Writer: Isabella Perversi
Director: Emma Gough
Simmering with intensity, the one-woman show from Australia relates the story of 27-year-old Fleur. We are introduced to her as she navigates her own birthday party. A casual affair with friends, Fleur (played by Isabella Perversi) fields the questions. How did she spend her day?
The mood drops as she confesses she went to a gynaecological appointment – it turns out she has a pre-cancerous virus. Moaning about “27 being the new 40”, Fleur jokes that her body is quite literally “refusing her lifestyle”.
On the outside, Fleur’s life looks pretty good. She is in a 10-year relationship with boyfriend Joe (one house, no kids). She works in a marketing job – which she classifies as “vague” in comparison to her friend Celia’s high-flying PR role.
This is a common theme as Fleur reviews her life so far: comparing herself unfavourably to bright, hyper-confident Celia. Her best friend is well-travelled and cosmopolitan; her workplace holds Botox Parties instead of after-work drinks. As the birthday girl contemplates her future, she admits to us, as much as to herself, that she feels insignificant, a failure.
Directed by Emma Gough, Ember starts off as a psychological portrait of a millennial. The existential gap between desire and reality is keenly felt by Fleur. She should be happier, wealthier, more successful. She worries about her difficulty in letting go and enjoying experiences, coupled with her tendency to compensate by buying stuff – too much stuff. Performed and written by Perversi, Ember looks at the impact this is having on Fleur’s mental health. We see her struggling to sleep as she replays perceived mistakes and disappointments in her head. Her relationship with her Mum is strained; she also thinks about her future with Joe, and whether it is really what she wants.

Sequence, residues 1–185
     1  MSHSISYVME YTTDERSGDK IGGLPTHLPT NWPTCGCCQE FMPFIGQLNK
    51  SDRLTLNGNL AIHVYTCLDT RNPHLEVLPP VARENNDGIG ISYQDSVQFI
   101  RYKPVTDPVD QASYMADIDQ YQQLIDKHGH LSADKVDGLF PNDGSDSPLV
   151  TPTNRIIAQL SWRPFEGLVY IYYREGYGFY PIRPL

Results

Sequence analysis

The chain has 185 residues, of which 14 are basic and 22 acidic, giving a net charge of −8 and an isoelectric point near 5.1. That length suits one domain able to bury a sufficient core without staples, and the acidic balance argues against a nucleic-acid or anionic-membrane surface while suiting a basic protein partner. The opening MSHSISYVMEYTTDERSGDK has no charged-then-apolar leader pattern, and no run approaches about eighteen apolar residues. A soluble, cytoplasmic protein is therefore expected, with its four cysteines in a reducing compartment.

Ember begins in familiar territory: the one-woman show with the anxious, yet relatable, protagonist. But as we move through the story, it becomes clear that Fleur’s worries are sharpening off into a tapered point. Job, baby, marriage – the pressure to make a decision is becoming too much. The eager smiles masking anxious thoughts begin to fade away.
Filmed and edited by Ross Dwyer, the camera work incorporates frequent close-ups, helping to build the audience connection with Fleur. Perversi stares through the camera, almost willing us to intercede. As her thoughts become more erratic, the camera lurches, pulling in and out of focus. What started out as intimate becomes far more claustrophobic.
Ember treads a delicate line between psychological drama and dark comedy, and Perversi’s script – packed with one-liners about the zeitgeist – is funny and keenly observant. The cutting jibe smuggled under a softer nuance is a technique that is very current, although with Ember it feels like there’s much more at stake.
It is a sense of pressing urgency – a throbbing at the temples – that Perversi so clearly communicates to us. The slow burn of a mind never fully at rest: Ember illustrates – with care and compassion – the experience of a mental health crisis from the inside out.